Friday, February 25, 2011

California Condor

This past weekend we went camping at Pinnacles National Monument.  A national monument is like a National park only it's been established by a president rather than a congress. Pinnacles was established by Teddy Roosevelt who was a president.
As you can see from the photo above, Pinnacles is a rugged place.  It features along with exposed rock, some of the few remaining specimens of the California Condor. At one time, the condor tribe was down to 20 some individuals. Now it is up to about 300 individuals.
When we went to the Pinnacles, a place we had never been to before, we hoped to see some condors but figured that we would have to be extremely lucky to do so.
Well, we got lucky, or maybe you don't have to be all that lucky because condors love the Pinnacles.  Condors don't like to flap their wings or otherwise exert themselves.  They prefer to land in a spot from which they can launch into space and then just steer for an updraft which will elevate them to a height from which they can see something large and dead. 

On our third day at the Pinnacles we did the hike up to the top of the Pinnacles a place from which we might be able to spot some condors according to the rangers.  Up we went, and there sitting on a rock was a large bird the looked like it might be a condor.
I took some pictures, put the camera in playback mode and zoomed in and sure enough, this bird had a number on it, a sure sign that it was a condor.

This is a picture of the condor in flight. You can see the wing patches - white on the black feathers. This is still number 43. Now I need to point out that there are also a lot of turkey vultures around and at a distance, condors are hard to tell from the vultures.  Once you've seen a condor, you can tell it from a vulture.  And if nothing else, if you've got good binoculars, you can tell them apart because condors have numbers on them.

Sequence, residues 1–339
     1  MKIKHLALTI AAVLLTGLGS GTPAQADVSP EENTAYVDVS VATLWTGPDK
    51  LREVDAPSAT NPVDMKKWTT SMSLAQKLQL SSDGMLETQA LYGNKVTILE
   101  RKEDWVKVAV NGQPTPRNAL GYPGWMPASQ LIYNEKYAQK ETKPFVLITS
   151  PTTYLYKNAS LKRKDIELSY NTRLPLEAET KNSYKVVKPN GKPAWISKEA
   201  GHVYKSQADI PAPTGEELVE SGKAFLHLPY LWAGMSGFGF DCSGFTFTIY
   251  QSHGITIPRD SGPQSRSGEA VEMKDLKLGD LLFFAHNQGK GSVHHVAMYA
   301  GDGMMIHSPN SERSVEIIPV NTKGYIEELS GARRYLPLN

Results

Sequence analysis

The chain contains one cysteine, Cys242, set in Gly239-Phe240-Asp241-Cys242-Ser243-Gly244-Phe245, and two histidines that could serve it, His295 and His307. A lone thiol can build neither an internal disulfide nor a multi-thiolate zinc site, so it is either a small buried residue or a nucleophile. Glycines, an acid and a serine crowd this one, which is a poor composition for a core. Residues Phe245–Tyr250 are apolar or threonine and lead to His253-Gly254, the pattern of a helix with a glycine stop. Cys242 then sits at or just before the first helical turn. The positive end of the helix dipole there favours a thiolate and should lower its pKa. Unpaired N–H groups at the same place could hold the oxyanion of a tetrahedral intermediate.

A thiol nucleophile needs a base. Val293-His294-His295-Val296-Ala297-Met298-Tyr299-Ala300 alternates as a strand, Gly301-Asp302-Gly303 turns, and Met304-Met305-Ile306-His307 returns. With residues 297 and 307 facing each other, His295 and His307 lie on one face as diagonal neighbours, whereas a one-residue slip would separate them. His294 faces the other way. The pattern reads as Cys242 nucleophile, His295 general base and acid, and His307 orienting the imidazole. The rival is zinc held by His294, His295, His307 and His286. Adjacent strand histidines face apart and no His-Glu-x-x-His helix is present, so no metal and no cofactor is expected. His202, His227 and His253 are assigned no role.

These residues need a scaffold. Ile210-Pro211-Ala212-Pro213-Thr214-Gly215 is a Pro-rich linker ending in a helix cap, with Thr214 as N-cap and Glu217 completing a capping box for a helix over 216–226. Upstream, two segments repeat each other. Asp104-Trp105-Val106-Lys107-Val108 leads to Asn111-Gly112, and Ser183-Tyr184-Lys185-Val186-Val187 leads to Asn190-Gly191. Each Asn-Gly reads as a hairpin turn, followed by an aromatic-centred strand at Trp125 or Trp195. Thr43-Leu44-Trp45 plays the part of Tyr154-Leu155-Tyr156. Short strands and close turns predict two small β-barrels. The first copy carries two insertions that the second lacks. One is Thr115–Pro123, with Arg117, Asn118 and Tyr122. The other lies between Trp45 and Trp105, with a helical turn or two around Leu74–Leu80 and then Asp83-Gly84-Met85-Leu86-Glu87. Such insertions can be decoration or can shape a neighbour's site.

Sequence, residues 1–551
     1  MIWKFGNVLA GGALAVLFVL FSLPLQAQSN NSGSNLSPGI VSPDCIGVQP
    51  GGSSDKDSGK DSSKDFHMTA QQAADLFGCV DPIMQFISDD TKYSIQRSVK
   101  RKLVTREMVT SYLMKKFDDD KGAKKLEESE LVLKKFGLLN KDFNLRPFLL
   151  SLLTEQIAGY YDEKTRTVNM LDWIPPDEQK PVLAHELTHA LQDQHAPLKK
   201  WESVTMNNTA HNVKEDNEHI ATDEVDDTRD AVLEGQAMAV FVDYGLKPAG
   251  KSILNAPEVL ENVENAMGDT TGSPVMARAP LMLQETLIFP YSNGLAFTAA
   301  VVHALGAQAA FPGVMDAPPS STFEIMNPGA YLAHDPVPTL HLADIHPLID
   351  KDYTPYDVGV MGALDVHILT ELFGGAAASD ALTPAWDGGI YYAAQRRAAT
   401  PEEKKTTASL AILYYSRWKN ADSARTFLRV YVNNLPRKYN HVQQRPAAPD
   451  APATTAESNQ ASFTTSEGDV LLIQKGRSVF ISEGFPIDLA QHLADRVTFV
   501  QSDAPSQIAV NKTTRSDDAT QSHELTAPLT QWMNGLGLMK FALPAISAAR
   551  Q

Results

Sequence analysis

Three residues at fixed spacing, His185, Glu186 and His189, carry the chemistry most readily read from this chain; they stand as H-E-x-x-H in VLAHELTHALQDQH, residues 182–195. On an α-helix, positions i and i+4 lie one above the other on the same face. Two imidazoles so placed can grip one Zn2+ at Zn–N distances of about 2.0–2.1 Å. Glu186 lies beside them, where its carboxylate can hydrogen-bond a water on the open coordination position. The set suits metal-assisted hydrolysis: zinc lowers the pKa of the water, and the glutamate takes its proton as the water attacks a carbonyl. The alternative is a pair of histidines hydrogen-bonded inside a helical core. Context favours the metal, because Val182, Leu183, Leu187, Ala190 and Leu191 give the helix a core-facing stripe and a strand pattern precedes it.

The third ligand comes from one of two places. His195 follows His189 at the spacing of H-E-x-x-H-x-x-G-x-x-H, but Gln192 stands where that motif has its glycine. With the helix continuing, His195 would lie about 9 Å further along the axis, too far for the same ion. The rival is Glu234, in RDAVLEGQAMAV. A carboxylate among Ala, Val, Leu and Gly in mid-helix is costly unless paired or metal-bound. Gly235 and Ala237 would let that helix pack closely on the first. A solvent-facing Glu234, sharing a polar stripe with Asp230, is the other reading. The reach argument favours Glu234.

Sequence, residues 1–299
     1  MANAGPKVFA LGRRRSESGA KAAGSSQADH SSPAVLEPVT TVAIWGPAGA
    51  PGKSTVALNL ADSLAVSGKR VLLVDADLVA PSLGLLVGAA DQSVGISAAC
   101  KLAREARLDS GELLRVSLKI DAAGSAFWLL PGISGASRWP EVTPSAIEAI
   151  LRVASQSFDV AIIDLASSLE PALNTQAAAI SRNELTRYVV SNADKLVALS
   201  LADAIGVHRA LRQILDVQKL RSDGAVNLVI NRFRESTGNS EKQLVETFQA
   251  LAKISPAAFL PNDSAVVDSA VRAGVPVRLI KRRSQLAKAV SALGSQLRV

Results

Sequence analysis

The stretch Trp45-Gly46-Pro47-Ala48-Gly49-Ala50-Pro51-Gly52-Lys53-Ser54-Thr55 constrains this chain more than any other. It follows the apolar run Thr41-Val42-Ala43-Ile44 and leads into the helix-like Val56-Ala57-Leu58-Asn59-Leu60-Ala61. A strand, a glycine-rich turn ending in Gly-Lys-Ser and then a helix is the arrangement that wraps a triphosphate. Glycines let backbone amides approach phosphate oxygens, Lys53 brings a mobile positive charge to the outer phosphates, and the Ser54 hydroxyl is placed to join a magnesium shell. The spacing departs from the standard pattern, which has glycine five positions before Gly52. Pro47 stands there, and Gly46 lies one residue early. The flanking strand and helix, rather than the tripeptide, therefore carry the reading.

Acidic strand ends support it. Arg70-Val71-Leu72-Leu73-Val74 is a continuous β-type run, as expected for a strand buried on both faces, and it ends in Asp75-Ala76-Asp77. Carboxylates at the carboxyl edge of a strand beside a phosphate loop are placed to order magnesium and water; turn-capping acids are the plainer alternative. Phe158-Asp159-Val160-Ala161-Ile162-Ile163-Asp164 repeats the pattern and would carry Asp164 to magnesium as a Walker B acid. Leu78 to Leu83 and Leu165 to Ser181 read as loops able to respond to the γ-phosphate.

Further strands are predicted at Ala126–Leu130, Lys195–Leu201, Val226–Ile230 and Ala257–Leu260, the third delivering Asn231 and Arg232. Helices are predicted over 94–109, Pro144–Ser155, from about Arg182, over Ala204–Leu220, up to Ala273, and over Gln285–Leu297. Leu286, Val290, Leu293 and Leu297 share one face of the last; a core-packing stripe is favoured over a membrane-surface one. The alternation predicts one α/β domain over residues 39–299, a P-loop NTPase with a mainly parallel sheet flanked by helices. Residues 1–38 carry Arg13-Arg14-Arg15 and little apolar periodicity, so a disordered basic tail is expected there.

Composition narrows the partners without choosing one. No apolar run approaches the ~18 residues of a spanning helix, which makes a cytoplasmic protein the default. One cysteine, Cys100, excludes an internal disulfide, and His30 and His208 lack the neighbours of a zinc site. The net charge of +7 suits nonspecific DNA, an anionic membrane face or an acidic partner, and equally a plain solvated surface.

Imagine you have to teach an alien how to tell football players from ordinary humans.  Probably the easiest way is to tell the alien that football players have numbers on them.

One last photo. Condors have 9 foot wing spans.  
Post Script:
I just went to the library and checked out a book on Condors.  It was written at a point when the Condor population was down to twenty some birds.  I hope to find out more about what their chances are for survival on their own.  Keeping them alive right now is a multi million dollar effort.  A lot of that money comes from private donations.  And I hope the people who are working on this project are successful and get to put themselves out of a job.  
More on this in the future.

Thursday, February 24, 2011

Grow your own Boat

The grow your own boat project is going well so far.  All the willow twigs I have stuck in the ground along the fence line at the shop have sprouted except for the ones that shop neighbor Tim's dog Shasta has dug up. Shasta loves to dig up ground squirrel burrows.  So, at last count, I have something like 50 willow plants growing.  There will probably be several withes per plant, probably enough total to make a basket. I think boat rib size twigs take at least two years to grow. We will find out.

Here's a typical sprout. I have one row growing north south of which this is a specimen. I have another row growing east west which is getting shaded by ice plants and is a little slower coming up.

And here's a shot down the east-west row, an attempt to show more than one plant at a time.  Problem is that green is a marvelous camo color for a green background.

And among all this stuff, a mushroom pops up as well.  Don't know what it's called, but a mycelium is a good thing to have in a plot where you are trying to grow something.  That white thing next to the mushroom is a piece of plastic foam.  Don't know what the significance of that is other than that plastic is ubiquitous and we need some plastic eating mushrooms.

Thursday, February 17, 2011

post apocalyptic homeless flesh eating zombies

Here we go.
If you are at all into post apocalypticism, check out the March issue of Harper's magazine. William Vollman, author of numerous books has an article about camping out with homeless people in Sacramento, CA, his home town.